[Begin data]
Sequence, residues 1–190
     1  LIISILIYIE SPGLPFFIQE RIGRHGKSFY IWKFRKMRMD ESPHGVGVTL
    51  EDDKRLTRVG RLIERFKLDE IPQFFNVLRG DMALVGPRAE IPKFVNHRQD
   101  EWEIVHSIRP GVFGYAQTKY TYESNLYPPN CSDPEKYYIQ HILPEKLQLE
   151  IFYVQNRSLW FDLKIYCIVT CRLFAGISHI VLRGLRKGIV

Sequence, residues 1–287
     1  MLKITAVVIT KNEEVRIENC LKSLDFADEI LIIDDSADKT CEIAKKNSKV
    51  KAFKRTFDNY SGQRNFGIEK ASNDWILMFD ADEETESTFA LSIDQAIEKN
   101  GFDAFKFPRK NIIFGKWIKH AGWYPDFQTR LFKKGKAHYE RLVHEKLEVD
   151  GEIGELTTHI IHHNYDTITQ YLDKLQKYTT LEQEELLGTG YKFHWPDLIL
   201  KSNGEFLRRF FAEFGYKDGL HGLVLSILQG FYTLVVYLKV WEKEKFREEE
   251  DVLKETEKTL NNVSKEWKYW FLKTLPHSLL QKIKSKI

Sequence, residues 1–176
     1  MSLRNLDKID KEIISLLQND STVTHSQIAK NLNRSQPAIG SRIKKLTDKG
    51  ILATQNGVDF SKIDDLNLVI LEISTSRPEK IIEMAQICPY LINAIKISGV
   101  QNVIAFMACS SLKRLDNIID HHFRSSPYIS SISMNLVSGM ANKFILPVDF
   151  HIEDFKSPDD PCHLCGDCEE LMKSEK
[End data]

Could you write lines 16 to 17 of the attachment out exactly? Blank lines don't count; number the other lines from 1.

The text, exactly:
   101  QNVIAFMACS SLKRLDNIID HHFRSSPYIS SISMNLVSGM ANKFILPVDF
   151  HIEDFKSPDD PCHLCGDCEE LMKSEK